Protests nationwide, such as the mass demonstrations in New York dubbed Occupy Wall Street, “are just the tip of the iceberg if politicians do not respond to mass unemployment,” according to one progressive leader, reacting to the latest employment figures out of Washington.
The Labor Department reported Friday that employers added just 58,000 new jobs in September, after subtracting the 45,000 workers who returned to communications giant Verizon after their August strike.
The nation’s unemployment rate remained unchanged at 9.1 percent.
“The jobs numbers continue to send an SOS to Washington to act now on Jobs,” says Robert Borosage, co-director of the Campaign for America’s Future, a prominent progressive advocacy organization in the nation’s capital. “This economy verges on another downturn. The few jobs being created are not sufficient even to employ the new people coming into workforce, much less to begin to reduce the 25 million in need of full time work. At current rates of growth, mass unemployment, declining wages and spreading poverty will continue. It is time to act.”
Borosage also points to the report of 535,000 jobs lost in state and local governments, which shows how budget cuts are hurting state and local governments. Overall government jobs went down 34,000.
“This is a time for action on jobs, not cuts. The Supercommittee, an offspring of the ridiculous debt ceiling posturing, should wake up,” he adds, referring to the bipartisan congressional panel tasked with finding more than $1 trillion in additional federal deficit reduction. “This is not the time for cuts; it is time to act on jobs. Any report that fails to begin with investment to create jobs should be dead on arrival. Conservatives keep talking about private job creators, but the reality is corporate profits are up, CEO salaries are up, but companies aren’t hiring, despite lavish tax incentives. They don’t lack confidence; they lack customers.”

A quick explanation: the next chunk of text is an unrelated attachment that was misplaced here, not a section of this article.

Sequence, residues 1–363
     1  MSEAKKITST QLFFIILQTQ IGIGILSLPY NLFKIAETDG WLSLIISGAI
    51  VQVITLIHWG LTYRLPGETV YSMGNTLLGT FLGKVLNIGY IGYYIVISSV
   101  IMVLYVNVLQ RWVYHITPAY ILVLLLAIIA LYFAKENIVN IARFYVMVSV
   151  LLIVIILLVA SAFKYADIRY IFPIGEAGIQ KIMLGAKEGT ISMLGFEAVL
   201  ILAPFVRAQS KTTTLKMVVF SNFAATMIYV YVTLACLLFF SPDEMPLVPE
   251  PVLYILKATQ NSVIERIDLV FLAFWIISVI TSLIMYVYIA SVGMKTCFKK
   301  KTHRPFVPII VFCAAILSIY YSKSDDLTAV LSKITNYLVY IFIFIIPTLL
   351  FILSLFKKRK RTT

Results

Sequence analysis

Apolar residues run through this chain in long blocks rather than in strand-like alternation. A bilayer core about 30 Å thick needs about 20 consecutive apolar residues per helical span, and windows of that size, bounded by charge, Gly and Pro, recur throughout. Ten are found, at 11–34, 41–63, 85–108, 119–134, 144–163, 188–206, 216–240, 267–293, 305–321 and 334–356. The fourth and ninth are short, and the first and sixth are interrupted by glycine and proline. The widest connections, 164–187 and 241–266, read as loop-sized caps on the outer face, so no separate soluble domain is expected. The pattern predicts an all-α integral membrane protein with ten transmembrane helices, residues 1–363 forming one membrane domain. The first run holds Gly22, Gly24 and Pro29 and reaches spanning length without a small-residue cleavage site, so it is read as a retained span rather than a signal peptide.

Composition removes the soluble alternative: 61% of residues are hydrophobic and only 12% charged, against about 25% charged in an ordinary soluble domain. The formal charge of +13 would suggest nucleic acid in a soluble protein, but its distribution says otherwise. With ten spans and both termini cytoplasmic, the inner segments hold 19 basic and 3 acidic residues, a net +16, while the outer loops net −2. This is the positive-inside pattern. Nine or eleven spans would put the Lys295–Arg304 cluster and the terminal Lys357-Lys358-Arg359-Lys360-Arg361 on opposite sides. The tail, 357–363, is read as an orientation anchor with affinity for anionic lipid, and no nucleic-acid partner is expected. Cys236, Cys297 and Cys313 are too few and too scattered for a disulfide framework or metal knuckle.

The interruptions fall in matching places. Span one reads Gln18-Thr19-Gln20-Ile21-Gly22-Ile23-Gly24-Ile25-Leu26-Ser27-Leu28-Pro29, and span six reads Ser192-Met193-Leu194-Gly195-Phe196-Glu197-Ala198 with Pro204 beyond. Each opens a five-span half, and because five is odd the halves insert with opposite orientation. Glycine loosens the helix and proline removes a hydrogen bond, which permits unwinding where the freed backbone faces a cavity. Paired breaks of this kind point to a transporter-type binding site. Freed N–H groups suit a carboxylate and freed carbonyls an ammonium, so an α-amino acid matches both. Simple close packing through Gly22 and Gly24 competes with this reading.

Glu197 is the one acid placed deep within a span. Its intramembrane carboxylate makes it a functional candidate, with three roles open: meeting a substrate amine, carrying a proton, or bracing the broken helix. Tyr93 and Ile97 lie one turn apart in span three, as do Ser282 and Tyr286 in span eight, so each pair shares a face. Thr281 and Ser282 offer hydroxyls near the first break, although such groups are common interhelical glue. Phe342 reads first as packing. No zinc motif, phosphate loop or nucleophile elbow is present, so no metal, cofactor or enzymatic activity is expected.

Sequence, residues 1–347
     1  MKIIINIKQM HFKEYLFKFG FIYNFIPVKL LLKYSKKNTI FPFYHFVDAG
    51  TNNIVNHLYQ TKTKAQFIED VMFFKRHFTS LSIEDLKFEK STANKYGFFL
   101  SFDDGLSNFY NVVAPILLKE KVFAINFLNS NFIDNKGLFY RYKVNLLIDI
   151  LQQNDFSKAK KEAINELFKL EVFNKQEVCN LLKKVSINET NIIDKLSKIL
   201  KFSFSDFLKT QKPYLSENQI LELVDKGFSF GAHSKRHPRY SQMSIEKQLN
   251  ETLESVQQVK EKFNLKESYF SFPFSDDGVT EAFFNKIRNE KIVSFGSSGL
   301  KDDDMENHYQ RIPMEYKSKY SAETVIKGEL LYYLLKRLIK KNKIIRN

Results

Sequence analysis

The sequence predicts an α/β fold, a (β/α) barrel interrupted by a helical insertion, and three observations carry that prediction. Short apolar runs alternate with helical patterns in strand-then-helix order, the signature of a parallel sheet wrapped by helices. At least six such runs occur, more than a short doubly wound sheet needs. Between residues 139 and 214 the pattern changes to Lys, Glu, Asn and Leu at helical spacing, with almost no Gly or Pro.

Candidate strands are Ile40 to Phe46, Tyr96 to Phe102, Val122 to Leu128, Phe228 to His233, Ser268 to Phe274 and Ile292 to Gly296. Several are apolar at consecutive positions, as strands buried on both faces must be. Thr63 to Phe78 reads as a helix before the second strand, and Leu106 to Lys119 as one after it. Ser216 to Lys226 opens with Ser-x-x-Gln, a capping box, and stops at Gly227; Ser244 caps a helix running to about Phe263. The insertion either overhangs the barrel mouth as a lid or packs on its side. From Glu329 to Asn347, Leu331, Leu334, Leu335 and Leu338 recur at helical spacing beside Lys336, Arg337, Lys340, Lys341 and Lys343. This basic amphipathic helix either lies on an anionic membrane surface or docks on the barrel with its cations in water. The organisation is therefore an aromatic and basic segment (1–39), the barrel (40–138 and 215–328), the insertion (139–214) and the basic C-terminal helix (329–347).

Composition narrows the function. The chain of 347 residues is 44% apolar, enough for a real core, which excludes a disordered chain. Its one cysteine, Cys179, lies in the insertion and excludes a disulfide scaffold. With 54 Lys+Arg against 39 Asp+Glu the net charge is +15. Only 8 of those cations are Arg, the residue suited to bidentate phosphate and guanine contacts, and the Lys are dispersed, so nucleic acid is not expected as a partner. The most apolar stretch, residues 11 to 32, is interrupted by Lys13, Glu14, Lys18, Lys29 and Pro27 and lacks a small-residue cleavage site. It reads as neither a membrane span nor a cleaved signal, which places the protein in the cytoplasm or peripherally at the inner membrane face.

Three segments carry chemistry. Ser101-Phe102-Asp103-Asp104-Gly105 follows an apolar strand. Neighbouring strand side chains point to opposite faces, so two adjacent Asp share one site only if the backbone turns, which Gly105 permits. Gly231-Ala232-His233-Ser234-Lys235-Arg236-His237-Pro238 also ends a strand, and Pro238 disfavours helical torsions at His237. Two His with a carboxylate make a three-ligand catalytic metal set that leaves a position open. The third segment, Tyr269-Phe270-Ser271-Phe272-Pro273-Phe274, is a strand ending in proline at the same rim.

President Obama has been pushing lawmakers to enact his American Jobs Act, but top Republican congressional leaders refuse to act on the $447 billion package, which includes funds to keep teachers and other public-sector workers on the job.
While trying to put a positive spin on the jobs report, Labor Secretary Hilda Solis also sought to build support for the jobs bill.
“In September, we saw 34,000 local government workers lose their jobs, including 24,000 teachers and other education professionals. The American Jobs Act will stop these losses and give municipalities the support they need to put our educators back in the classroom. Giving our youth a first-class education is critical to our long-term success in the global economy,” she says.
“Independent forecasters estimate that the American Jobs Act will create as many as 1.9 million jobs and increase economic growth by as much as two percentage points, if enacted,” she adds. “That’s more than 150,000 additional jobs a month. It’s crucial that this bill gets an up-or-down vote in both the House and Senate. If leaders in Congress refuse to put the bill to a vote, respected forecasters believe we will see lackluster GDP and job growth in 2012. Inaction is not a responsible option for any lawmaker who is serious about putting this country back to work.”
Scott Nance is the editor and publisher of the news site The Washington Current. He has covered Congress and the federal government for more than a decade.